Further, the Houthis rejected the UN Special Envoy’s plans for a provision in the truce to reopen roads in Taiz and other places. The main roads in and out of Taiz have been blocked by the Houthis since 2015, severely restricting the freedom of movement of civilians and critical humanitarian aid.
Parties to the conflict, and the Houthis in particular, continued to restrict humanitarian access. The UN Office for the Coordination of Humanitarian Affairs (OCHA) recorded about 1205 incidents of blocking or interfering with humanitarian access during the truce, including violence against aid workers. In the three months after the start of the truce, violence against aid workers and facilities increased by 40 percent from the previous three months.
For a new truce to uphold the rights of people in Yemen, it is critical to meaningfully include Yemeni civil society actors on key issues, including the rights of women and minority groups. Parties to the conflict should also release everyone arbitrarily detained and reveal what happened to others who had been disappeared, who include human rights activists and journalists.
Parties to the conflict have damaged or destroyed Yemen’s critical infrastructure, severely impairing Yemenis’ rights, such to health, water, sanitation, and education. To recover from the conflict, the parties to the conflict should commit to surveying and clearing the large quantities of landmines and other explosive remnants of war scattered across the country and provide aid to rebuild damaged or destroyed infrastructure. Finally, parties should be held accountable for their serious violations over the course of the conflict, including ending impunity for those who carried out or oversaw likely war crimes.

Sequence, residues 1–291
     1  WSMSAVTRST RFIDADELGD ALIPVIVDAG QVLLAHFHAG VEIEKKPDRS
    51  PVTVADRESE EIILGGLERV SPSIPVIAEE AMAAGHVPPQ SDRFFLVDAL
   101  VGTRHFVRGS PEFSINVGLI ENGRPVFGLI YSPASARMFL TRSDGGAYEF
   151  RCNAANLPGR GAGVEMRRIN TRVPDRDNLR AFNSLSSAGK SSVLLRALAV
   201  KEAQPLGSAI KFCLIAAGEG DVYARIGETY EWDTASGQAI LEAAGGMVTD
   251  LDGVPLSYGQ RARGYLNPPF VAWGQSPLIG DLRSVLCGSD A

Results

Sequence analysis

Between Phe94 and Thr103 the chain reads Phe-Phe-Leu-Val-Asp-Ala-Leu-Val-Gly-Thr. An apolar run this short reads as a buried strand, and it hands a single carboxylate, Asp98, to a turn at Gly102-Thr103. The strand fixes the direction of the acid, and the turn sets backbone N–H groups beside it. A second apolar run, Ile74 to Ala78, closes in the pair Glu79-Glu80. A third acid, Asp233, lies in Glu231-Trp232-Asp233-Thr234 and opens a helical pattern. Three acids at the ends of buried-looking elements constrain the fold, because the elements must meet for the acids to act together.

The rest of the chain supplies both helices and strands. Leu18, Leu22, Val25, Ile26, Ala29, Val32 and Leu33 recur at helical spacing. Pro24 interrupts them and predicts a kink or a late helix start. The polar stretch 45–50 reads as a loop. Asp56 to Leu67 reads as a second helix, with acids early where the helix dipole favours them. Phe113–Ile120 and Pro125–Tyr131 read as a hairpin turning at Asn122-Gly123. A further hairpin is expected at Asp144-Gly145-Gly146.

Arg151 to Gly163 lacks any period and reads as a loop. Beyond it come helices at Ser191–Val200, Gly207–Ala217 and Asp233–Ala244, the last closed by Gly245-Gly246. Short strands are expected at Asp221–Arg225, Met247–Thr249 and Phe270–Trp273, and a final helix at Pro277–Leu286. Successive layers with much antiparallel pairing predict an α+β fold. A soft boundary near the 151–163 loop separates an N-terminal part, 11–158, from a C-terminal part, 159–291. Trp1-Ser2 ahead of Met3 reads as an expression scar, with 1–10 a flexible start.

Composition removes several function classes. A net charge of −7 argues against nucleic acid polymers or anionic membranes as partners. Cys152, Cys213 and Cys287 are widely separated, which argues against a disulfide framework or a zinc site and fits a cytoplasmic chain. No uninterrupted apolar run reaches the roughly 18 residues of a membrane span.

Civil society has not been formally included in the truce discussions or meaningfully included in broader negotiations led by the UN special envoy.
Human Rights Watch and other groups have documented torture, enforced disappearance, and arbitrary detention by coalition forces, particularly by Saudi Arabia and UAE forces, and as well as Yemeni forces backed by the UAE. While the recent exchange of nearly 900 detainees was a significant move by both sides, many more people remain arbitrarily detained and disappeared by all warring parties. A truce should ensure their release.
Landmines – including internationally-banned anti-personnel landmines – and explosive remnants of war remain scattered across the country. During the truce, explosive remnants were the leading cause of civilian casualties, causing around 300 casualties over the course of 6 months. Children and women are particularly vulnerable, and landmines’ widespread use has led to displacement and the loss of livelihoods. Current clearance efforts are limited and under-resourced, leaving hundreds of thousands more landmines to be cleared.
Finally, warring parties have not been held accountable for their actions throughout the conflict – including for violating the truce. Parties to the conflict have caused at least 20,000 civilian casualties, and over 21 million Yemenis are in need of humanitarian aid. Over 4.5 million people have been displaced, and the conflict has left critical infrastructure – including medical facilities and water and food infrastructure – across the country damaged or destroyed.
Under international law, warring parties are obligated to provide reparations for violating the law. But according to Mwatana for Human Rights and Yale Law School’s Lowenstein International Human Rights Clinic, the warring parties have failed to effectively provide reparations. Human Rights Watch research has demonstrated that fair trials, as well as reparations, reconstruction, and other forms of development are needed to move “society forward in a sustainable way.”
“Disbanding the Group of Eminent Experts has left an incredible gap in the ability of Yemeni civilians to achieve accountability and redress,” Jafarnia said. “A new truce should address this gap by including the establishment of an international investigative mechanism, which is the first step toward achieving accountability.”